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Are Eating Disorders Genetic?

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Are eating disorders genetic? This looks like a simple yes/no question, but – as is so often the case when discussing mental health matters – the answer is a bit more complex.

If you or a loved one is struggling with an eating disorder, reach out to Peachtree Recovery Solutions today at (678) 325-7250 or learn more about our Atlanta rehab.

Are Eating Disorders Genetic?

Advances in genetic research have enabled scientists to discover potential genetic components of many conditions, including eating disorders

For example, as described in a March 2019 article in the journal Psychiatric Clinics, research conducted by the Psychiatric Genomics Consortium (PGC) has identified genetic variations that appear to be associated with anorexia nervosa. 

This finding is consistent with studies involving families and twins that suggested eating disorders may be heritable conditions.

The Psychiatric Clinics article also reported that there appears to be a genetic predisposition to other eating disorders, such as bulimia nervosa and binge-eating disorder. However, the authors of this article noted that further study is necessary to determine the extent of the relationship between genetic variations and these conditions.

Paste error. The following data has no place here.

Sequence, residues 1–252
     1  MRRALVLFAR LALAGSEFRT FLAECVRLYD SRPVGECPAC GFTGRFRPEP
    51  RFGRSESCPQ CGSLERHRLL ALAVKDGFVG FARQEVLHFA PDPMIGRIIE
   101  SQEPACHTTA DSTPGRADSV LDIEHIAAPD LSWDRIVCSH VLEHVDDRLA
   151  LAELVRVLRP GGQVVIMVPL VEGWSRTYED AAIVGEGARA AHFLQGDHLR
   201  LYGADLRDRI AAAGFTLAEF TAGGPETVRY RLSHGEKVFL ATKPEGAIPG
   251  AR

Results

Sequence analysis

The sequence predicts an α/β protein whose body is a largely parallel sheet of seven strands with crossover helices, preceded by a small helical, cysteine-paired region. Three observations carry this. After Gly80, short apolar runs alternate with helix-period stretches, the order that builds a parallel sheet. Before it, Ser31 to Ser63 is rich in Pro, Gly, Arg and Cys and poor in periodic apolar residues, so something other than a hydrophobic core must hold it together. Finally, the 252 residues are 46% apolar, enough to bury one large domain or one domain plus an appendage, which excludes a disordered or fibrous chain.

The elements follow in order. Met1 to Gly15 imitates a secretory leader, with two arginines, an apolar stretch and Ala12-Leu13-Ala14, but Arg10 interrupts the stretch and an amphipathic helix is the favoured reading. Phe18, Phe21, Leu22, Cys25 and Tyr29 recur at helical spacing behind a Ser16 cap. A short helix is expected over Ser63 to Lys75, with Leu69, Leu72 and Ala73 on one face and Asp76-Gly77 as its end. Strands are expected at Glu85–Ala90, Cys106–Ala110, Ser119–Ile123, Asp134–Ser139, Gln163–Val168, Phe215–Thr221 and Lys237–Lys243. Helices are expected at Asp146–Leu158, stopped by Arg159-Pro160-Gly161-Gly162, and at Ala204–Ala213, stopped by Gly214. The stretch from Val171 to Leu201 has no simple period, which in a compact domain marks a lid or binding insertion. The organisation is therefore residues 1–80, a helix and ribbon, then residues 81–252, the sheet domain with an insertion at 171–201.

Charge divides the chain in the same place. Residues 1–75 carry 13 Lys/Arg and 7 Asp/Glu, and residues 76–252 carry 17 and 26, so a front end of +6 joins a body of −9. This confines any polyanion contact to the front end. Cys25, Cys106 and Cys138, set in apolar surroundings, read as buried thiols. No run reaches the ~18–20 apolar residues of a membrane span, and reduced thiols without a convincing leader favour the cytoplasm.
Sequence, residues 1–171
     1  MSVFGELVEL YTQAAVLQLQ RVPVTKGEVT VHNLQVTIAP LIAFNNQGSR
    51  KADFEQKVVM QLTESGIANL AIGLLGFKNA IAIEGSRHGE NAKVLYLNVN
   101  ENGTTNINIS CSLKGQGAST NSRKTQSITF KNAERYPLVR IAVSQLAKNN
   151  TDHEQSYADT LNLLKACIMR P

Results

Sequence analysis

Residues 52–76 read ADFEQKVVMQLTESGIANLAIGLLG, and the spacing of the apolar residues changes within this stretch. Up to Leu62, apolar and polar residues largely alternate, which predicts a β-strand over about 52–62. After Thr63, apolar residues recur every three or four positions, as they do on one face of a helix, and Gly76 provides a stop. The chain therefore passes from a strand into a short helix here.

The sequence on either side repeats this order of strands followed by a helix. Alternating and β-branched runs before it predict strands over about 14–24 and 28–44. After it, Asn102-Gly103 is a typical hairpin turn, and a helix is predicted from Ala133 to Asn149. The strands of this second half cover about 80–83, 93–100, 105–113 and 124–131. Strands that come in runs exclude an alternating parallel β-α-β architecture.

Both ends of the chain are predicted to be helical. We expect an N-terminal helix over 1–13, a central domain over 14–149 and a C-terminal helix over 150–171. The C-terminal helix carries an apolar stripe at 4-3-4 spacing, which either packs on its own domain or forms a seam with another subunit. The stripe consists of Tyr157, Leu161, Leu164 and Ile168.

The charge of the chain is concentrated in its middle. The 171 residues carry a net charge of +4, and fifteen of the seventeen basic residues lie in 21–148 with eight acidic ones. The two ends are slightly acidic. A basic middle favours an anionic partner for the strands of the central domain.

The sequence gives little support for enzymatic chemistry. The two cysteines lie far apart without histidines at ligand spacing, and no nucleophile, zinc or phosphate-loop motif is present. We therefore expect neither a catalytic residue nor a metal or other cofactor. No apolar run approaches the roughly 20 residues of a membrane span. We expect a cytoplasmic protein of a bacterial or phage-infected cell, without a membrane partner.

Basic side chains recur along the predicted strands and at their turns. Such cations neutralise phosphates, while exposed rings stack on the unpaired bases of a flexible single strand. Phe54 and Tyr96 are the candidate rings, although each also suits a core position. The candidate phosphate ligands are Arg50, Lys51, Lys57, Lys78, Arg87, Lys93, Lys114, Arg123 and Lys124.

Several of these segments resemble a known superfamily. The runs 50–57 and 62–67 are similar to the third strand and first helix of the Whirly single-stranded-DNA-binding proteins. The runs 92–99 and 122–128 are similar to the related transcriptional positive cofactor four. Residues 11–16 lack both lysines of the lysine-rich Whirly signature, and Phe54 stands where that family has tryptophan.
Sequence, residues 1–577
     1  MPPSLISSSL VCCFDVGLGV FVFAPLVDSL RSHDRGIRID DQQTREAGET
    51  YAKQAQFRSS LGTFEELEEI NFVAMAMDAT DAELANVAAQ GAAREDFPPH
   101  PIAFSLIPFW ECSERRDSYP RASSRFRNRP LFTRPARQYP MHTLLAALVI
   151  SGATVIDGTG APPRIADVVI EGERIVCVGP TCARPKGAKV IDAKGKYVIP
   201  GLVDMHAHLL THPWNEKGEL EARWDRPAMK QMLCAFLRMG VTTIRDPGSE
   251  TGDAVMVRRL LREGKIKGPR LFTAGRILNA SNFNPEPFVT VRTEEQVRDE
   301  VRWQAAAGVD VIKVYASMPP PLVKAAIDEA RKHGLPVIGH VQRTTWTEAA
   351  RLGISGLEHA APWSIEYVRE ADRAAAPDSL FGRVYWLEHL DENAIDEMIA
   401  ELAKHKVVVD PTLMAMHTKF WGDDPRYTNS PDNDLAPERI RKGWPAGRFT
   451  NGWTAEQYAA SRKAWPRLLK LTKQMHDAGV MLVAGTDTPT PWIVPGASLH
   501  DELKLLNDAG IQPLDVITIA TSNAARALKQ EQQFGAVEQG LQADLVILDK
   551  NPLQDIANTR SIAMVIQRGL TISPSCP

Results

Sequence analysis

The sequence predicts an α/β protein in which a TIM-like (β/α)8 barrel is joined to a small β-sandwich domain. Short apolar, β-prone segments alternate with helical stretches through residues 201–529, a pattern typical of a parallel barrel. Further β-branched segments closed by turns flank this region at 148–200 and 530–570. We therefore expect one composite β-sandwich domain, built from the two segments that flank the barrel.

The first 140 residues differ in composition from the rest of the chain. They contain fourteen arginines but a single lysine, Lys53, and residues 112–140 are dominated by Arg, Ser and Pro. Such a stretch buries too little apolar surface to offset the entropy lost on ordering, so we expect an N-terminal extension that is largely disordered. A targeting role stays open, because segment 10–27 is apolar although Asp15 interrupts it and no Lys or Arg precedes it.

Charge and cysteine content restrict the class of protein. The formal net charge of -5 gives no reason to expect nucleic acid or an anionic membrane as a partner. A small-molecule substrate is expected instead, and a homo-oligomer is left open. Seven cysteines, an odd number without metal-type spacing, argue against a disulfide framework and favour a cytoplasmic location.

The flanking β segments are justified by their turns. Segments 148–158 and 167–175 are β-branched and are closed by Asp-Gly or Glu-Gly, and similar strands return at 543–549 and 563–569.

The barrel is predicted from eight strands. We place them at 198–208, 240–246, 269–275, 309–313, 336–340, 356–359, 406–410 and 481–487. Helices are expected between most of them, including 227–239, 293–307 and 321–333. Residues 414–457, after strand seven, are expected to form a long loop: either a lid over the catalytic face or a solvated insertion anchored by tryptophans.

While these studies appear to offer an affirmative answer to the question, “Are eating disorders genetic?” no reputable experts are suggesting that genetics alone are responsible for all cases of eating disorders. 

Even the Psychiatric Clinics article, which focused on the genetics of eating disorders, emphasized that heritability is just one of many factors that can influence a person’s risk for developing anorexia, bulimia, binge-eating disorder, or another form of disordered eating.

Other Risk Factors for Eating Disorders

In addition to genetics, the following are other factors that may also increase the likelihood that a person will struggle with an eating disorder:

  • Having a close relative with an eating disorder or another mental health concern
  • Gender (eating disorders are more common among girls and women than among boys and men)
  • Developing Type 1 diabetes or other autoimmune diseases
  • Personal history of certain mental health conditions
  • Dysregulation of the gut microbiome
  • Health complications during pregnancy
  • Adverse childhood experiences (ACEs)
  • Abuse or other forms of trauma later in life
  • Being teased, bullied, or harassed due to one’s weight or body shape

It is important to note that, as is also the case with genetics, the factors listed above may not have the same relationship with every type of eating disorder. 

Types of Eating Disorders

Another reason why the question, “Are eating disorders genetic?” is more complicated than it first appears is that the term “eating disorders” can encompass several distinct conditions. Here is a brief overview of some of the most common eating disorders:

  • Anorexia nervosa: Characterized by extreme, rigid dieting to the point of self-starvation, as well as an overwhelming fear of gaining weight or getting “fat,” anorexia nervosa is considered by many experts to be the deadliest of all mental illnesses.